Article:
The history of science is filled with stories of amateur scientists who made significant contributions. In 1937 the American amateur astronomer Grote Reber built a pioneering dish-shaped radio telescope in his back garden and produced the first radio map of the sky. And in the 19th century the existence of dominant and recessive genes was described by a priest, Gregor Mendel, after years of experimentation with pea plants.
But with the advent of powerful home computers, even the humble amateur like myself can make a contribution.
Using my laptop and my knowledge of computer programming I accidentally uncovered errors in temperature data released by the Met Office that form part of the vital records used to show that the climate is changing. Although the errors don’t change the basic message of global warming, they do illustrate how open access to data means that many hands make light work of replicating and checking the work of professional scientists.
After e-mails and documents were taken from the Climatic Research Unit at the University of East Anglia late last year, the Met Office decided to release global thermometer readings stretching back to 1850 that they use to show the rise in land temperatures. These records hadn’t been freely available to the public before, although graphs drawn using them had.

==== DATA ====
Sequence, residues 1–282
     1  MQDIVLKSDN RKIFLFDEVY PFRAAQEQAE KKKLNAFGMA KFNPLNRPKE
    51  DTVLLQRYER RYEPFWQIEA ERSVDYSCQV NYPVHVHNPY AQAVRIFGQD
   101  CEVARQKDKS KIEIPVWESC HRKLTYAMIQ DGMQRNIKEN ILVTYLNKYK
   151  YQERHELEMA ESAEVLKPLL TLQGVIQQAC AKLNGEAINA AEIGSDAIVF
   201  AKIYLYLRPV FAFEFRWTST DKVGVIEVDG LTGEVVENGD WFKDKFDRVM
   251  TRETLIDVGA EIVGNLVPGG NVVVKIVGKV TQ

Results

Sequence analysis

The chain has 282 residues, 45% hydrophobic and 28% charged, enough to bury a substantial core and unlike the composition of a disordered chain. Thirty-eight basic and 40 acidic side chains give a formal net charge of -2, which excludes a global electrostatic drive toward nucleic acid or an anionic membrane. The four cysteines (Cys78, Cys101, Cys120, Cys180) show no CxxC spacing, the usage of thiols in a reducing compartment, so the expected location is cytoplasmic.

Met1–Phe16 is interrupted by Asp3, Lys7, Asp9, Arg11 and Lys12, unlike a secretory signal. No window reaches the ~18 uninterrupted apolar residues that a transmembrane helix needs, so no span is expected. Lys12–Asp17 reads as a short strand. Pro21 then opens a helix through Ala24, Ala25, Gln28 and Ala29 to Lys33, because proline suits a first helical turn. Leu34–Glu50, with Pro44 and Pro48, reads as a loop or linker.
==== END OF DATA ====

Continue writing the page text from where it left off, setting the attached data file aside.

Apart from seeing Al Gore’s film An Inconvenient Truth I’d paid little attention to the science of global warming until the e-mail leaks from UEA last year.
I trusted the news stories about the work of the IPCC, but I thought it would be a fun hobby project to write a program to read the Met Office records on global temperature readings and draw the sort of graphs that show how it’s hotter now than ever before.
Since my training is in mathematics and computing I thought it best to write self-checking code: I’m unfamiliar with the science of climate change and so having my program perform internal checks for consistency was vital to making sure I didn’t make a mistake.
To my surprise the program complained about average temperatures in Australia and New Zealand. At first I assumed I’d made a mistake in the code and used a pocket calculator to double check the calculations.
The result was unequivocal: something was wrong with the average temperature data in Oceania. And I also stumbled upon other small errors in calculations.
About a week after I’d told the Met Office about these problems I received a response confirming that I was correct: a problem in the process of updating Met Office records had caused the wrong average temperatures to be reported. Last month the Met Office updated their public temperature records to include my corrections.
John Graham-Cumming is a programmer and author of The Geek Atlas